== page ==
Daily and weekly fantasy sports have become all the rage. Battling it out over an entire season is fun, but sites like DraftKings offer a quicker payoff and big payouts for winners! Not only do they offer daily action in the four major professional sports (MLB, NBA, NFL, NHL) as well as college basketball and football but also the PGA Tour.
Your DraftKings lineup is made up of six golfers you select from within the $50,000 salary cap.
Each week DraftKings offers a wide selection of games to enter at a variety of price points. You can even get a feel for the game in a freeroll contest. Before you put your cash on the line, I'll offer my Top Values and Steals in this space every week, specifically geared to help build a winning DraftKings squad. I'll also give you my Overpriced golfers to avoid, and a couple of “Vegas Says…” tips to help you find those players for GPPs.
This Masters is full of anticipation and storylines. Rory is going for the career grand slam and seems to be finding his form after a rib injury. Dustin Johnson is clearly the man to beat and comes to Augusta having won his past three events. Jordan Spieth missed the cut in Houston but has posted 2nd, 1st, and 2nd place finishes at Augusta. Jason Day has been out of form and batting personal off-the-course issues with his family, but seems primed for this week. Phil’s playing well, which is always fun. Then we have the first-timer’s curse: no Augusta debutant has won since 1979. This year, we have several guys who can overcome that curse, namely Jon Rahm, Tyrrell Hatton, Thomas Pieters, and Alex Noren.
Augusta National is a course where I’m heavily weighing course history and tournament experience. First-timers have a poor track record here, but I mentioned a list of debutants that I could see cracking the top-10 this week. The green complexes are so difficult and undulating that knowing where to miss shots and how to recover smartly is even more important than at other Tour stops. Because scrambling is so difficult this week, hitting greens and placing your shots correctly is key. I’m going to look heavily at strokes gained tee-to-green this week, which obviously spits out the best players in the world. If you break up the strokes gained stats even further, the off-the-tee play has the biggest correlation with finishing position at Augusta. It makes sense, as most of the recent bombers who have won the Masters are guys who gain the most strokes off-the-tee (Bubba Watson, Tiger Woods, Phil Mickelson, etc.). I’ll be looking at short gameplay as well, but it will be weighed less than off-the-tee and approach shots.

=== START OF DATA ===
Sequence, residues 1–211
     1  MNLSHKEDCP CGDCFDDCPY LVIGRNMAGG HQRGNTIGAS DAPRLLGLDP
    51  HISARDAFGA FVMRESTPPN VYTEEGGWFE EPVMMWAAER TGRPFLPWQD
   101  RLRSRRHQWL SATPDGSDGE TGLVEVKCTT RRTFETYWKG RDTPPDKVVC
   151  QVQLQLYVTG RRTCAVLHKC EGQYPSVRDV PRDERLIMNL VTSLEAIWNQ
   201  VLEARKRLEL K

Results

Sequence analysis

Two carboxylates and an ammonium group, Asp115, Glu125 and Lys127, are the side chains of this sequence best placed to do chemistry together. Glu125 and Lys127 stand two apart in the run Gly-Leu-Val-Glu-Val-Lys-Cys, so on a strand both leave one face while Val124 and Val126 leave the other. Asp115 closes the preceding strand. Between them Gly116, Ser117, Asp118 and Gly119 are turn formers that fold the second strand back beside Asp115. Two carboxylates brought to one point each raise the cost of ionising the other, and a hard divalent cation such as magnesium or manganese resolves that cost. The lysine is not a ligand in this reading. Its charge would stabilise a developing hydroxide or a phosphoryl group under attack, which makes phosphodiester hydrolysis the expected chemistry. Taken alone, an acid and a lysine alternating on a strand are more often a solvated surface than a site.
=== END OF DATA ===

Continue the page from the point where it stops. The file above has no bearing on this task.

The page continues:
Roster construction is going to be very difficult this week. Odds are, one of the top guys will win. The odds are also that several of the top guys will finish inside the top-5 this week. My suggestion would be to pair two studs on each team and try to find the value plays/sleepers who can crack the top-10 (at least regarding fantasy scoring). Also, because this is a limited field, a high percentage of the field will make the cut. This allows us to be a little riskier in terms of picks.
Recent Tournament History
Here is the data we can draw upon for this week’s Tournament History:
Finished in the top-20 each of the last three years: Jordan Spieth, Rory McIlroy, Justin Rose.
Finished in the top-20 in two of the last three years: Dustin Johnson, Hideki Matsuyama, Jason Day, Rickie Fowler, Henrik Stenson, Paul Casey, Louis Oosthuizen, Lee Westwood, Bill Haas.
Current Form Review
Each week, we’ll look backward at the last three tournaments on the PGA and European Tours. I have included the top-20 from the past three events: the Arnold Palmer Invitational, the WGC-Match Play, and last week’s Shell Houston Open.
Birdie or Better % (BoB%): There are not many weeks where we aren’t going to target birdie or better percentage because that’s what fantasy golf scoring is all about. There’s going to be plenty of bogeys this week, so we need birdies to offset the damages. Guys like Jordan Spieth, Phil Mickelson, Jon Rahm, Dustin Johnson, and Hideki Matsuyama come to mind in this week’s field when targeting birdie-makers. It’s possible to have a player finish top-10 in fantasy points while not finishing anywhere close to the top-10 in the actual event.